The Oscars have finally set an impressive bar, with a show that included diversity, awarding thought provoking and emotive performances the win.
Chloé Zhao’s took home the Oscar for Nomadland. Her nuanced meditation on grief and the damaged American dream, won Academy Awards for best picture, director and actress at Sunday night’s ceremony. Anthony Hopkin was the Best Actor winner, upsetting the industry favorite the late Chadwick Boseman industry pool for the win. Anthony Hopkins has been lauded for months by critics for his performance in The Father, while it is no surprise it was sad that it was the brilliant Chadwick’s final chance at the academy’s greatest honor. Despite not winning, Chadwick is the winner of our hearts as his roles filled an incredible portrayal of the human condition during his short time on Earth with us. Frances McDorman took home Best Actress for Nomadland, the third time she has won the award. Nomadland‘s win gives Searchlight Pictures its fourth best-picture prize in eight years, an astounding winning streak unrivaled by any other specialty film company. Yuh-Jung Youn took home best supporting actress for Minari. She was the first Korean performer to win an acting Oscar, and only the second Asian woman; the first was Miyoshi Umeki, a Japanese-born American actress who was recognized in 1958 for playing a bride who encounters racism in Sayonara.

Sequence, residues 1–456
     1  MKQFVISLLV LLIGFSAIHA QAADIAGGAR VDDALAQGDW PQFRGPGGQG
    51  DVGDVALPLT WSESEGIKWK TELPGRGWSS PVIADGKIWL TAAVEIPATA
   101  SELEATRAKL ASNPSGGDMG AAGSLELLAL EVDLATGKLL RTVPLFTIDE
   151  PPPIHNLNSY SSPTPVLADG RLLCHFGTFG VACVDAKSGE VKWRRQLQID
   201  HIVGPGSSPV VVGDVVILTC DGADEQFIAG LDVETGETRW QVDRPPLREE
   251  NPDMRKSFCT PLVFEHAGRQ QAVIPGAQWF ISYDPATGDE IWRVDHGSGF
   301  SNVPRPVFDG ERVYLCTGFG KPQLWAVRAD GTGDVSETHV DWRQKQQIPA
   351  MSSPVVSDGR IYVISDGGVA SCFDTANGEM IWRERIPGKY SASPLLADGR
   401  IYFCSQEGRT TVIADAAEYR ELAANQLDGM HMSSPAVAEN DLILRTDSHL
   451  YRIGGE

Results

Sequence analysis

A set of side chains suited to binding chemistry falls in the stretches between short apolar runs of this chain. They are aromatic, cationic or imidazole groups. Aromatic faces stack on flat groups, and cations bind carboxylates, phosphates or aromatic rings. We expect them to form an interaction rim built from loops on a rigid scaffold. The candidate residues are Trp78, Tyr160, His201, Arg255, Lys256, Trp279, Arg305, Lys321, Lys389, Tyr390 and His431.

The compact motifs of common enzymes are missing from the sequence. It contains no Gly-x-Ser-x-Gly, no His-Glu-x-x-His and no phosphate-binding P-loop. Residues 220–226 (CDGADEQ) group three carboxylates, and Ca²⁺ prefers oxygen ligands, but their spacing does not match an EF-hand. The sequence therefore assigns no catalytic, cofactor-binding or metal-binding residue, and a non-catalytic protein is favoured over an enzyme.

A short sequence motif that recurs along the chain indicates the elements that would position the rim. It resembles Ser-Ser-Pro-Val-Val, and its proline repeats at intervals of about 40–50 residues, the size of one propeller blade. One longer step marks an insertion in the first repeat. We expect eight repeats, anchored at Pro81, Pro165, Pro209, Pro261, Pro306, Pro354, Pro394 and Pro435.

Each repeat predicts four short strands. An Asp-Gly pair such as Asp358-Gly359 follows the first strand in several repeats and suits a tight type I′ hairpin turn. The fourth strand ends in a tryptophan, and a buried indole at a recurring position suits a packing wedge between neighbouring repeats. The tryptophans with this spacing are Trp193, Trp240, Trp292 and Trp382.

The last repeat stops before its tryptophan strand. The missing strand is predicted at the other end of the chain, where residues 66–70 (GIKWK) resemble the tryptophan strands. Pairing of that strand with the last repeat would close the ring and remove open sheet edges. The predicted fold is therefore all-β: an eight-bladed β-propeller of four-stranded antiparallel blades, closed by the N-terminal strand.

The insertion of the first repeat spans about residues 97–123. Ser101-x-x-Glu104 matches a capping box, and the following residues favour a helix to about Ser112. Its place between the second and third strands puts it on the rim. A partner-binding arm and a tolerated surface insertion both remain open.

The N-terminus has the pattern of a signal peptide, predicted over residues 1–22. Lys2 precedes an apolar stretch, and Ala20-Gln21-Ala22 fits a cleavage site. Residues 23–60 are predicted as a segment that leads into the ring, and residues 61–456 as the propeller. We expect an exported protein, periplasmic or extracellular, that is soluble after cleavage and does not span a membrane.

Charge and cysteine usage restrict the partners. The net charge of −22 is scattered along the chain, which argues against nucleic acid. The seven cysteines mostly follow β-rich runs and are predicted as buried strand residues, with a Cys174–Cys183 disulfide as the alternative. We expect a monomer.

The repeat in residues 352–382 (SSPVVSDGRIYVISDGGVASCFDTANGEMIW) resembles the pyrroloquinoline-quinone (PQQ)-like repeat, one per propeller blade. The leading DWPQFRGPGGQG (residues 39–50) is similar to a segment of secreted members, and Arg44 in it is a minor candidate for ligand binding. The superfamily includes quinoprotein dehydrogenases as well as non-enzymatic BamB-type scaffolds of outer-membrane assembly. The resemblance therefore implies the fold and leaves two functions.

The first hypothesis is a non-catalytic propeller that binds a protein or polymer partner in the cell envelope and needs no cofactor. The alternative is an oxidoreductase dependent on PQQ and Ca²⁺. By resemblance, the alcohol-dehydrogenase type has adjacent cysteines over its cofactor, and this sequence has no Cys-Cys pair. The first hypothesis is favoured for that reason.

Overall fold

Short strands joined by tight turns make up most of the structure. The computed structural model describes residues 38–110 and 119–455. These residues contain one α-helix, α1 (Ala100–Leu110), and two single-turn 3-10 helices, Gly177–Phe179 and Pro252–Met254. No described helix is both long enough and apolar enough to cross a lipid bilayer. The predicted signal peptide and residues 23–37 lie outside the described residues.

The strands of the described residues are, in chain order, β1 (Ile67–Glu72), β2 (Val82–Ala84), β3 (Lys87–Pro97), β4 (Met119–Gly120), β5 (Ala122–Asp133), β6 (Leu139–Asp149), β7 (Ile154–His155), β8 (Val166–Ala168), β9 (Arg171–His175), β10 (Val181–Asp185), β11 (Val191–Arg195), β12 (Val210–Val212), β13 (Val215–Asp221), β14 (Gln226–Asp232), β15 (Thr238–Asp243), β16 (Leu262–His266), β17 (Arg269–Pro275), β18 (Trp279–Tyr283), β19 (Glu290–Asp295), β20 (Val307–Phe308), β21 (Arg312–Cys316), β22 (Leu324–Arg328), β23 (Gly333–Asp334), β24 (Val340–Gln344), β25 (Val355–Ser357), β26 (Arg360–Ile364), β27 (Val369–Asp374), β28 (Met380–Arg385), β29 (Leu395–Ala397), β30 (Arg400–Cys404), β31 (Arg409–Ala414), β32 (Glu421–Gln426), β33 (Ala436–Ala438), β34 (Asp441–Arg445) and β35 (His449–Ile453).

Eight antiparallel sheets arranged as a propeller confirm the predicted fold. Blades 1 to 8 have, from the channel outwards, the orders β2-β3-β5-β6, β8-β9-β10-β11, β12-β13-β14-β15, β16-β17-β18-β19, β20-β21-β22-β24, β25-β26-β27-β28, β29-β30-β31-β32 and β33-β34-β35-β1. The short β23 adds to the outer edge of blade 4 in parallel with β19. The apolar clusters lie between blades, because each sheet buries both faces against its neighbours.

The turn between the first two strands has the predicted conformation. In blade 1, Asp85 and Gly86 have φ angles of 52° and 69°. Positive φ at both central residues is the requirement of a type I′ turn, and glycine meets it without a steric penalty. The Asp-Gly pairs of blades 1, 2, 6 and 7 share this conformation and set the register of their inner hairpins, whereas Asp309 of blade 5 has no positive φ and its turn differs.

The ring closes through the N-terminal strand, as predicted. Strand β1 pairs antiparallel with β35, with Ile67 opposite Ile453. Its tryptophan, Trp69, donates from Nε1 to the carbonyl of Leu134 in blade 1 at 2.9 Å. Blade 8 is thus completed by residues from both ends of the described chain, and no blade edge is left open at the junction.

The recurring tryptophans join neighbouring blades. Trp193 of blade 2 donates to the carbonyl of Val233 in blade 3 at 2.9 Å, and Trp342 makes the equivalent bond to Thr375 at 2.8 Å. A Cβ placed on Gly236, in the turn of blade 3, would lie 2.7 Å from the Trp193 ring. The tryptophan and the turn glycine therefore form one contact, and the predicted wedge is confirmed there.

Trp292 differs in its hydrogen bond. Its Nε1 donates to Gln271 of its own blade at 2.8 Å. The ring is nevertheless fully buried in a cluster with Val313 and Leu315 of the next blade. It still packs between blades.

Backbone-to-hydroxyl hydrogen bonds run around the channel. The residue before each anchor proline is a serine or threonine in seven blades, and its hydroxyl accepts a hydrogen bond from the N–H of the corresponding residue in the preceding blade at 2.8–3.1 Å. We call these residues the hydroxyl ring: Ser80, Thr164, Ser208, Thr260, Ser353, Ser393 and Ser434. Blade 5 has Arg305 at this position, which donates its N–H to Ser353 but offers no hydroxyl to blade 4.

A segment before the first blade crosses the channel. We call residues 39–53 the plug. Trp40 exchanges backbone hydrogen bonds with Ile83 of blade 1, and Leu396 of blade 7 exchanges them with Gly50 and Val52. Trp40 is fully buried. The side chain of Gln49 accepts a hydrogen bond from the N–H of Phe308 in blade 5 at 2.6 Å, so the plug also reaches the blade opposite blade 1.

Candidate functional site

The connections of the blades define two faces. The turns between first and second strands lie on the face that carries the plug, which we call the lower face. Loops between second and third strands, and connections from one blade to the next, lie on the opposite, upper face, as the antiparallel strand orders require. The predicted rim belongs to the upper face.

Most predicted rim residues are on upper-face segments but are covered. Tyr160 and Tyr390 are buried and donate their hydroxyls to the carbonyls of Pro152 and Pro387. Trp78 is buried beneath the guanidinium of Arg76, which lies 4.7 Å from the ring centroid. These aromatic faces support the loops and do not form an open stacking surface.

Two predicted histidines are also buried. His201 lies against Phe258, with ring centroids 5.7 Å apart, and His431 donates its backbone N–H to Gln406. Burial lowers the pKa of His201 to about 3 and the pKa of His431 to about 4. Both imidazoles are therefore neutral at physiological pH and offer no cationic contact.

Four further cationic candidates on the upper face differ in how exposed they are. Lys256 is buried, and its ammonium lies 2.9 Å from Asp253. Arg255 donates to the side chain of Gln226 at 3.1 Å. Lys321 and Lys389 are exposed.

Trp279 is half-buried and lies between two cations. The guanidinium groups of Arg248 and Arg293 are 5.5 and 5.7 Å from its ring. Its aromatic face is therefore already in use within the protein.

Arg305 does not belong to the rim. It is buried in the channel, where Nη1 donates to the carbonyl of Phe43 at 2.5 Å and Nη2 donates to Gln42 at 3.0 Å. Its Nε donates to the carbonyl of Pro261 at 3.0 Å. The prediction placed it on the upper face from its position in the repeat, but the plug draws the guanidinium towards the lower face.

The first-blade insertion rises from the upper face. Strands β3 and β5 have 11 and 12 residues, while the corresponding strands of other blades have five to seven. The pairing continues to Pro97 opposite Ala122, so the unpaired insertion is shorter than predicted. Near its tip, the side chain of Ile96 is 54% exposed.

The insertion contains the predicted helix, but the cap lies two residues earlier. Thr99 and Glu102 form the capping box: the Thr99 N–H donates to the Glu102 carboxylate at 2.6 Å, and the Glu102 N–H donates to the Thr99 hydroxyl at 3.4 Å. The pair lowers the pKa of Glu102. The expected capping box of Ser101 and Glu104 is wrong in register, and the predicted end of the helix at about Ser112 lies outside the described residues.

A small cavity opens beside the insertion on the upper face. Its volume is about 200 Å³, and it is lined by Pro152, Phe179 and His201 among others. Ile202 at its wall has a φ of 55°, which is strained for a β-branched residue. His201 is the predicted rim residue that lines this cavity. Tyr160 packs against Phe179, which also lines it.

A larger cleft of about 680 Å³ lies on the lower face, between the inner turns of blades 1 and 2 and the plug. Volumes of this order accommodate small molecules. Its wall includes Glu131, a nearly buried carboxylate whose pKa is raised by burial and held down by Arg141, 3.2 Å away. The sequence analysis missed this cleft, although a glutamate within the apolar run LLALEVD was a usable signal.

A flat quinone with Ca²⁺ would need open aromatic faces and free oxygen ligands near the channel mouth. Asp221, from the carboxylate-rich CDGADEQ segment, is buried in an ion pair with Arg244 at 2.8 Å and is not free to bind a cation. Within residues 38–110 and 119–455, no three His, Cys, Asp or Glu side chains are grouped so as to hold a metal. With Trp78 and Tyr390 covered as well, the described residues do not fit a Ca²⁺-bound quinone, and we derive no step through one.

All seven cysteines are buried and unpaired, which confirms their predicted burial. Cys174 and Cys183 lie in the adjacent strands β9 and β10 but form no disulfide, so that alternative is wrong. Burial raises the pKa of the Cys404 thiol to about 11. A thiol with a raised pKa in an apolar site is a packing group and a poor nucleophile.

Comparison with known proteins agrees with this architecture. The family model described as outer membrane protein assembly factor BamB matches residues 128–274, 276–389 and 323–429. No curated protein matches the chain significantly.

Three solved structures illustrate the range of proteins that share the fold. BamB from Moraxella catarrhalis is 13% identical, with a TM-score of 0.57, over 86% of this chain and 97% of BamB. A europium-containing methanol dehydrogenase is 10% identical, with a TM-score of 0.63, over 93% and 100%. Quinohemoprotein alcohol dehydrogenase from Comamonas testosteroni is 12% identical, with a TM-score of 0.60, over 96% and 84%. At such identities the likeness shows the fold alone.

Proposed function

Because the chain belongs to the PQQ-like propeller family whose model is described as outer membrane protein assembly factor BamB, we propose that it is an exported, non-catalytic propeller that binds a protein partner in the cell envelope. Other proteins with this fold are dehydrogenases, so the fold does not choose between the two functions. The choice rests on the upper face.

In other Industry firsts Mia Neal and Jamika Wilson became the first Black women to win the makeup and hairstyling Oscar, a prize they shared with Sergio Lopez-Rivera for their work on Ma Rainey’s Black Bottom. Chole Zhao, who is Chinese, became the second woman, but first woman of color, to win the award for best director. (Kathryn Bigelow was celebrated in 2010 for directing The Hurt Locker.) Soul, the Disney-Pixar film about a Black musician stuck between Earth and the afterlife, added to the celebration of diversity, winning best animated film and score. Emerald Fennell took home Best Original Screenplay for Promising Young Woman (our personal favorite of 2021’s award season).
Netflix received its first Oscar nomination in 2014 for “The Square,” a feature documentary about the Egyptian revolution. Since then (in large part because of copious amounts of money they’ve spent on award campaigns) the streaming giant has come to dominate the nominations. Netflix had 36 this year, more than any other company, with Mank receiving 10, more than any other film. Netflix took home seven statuettes.
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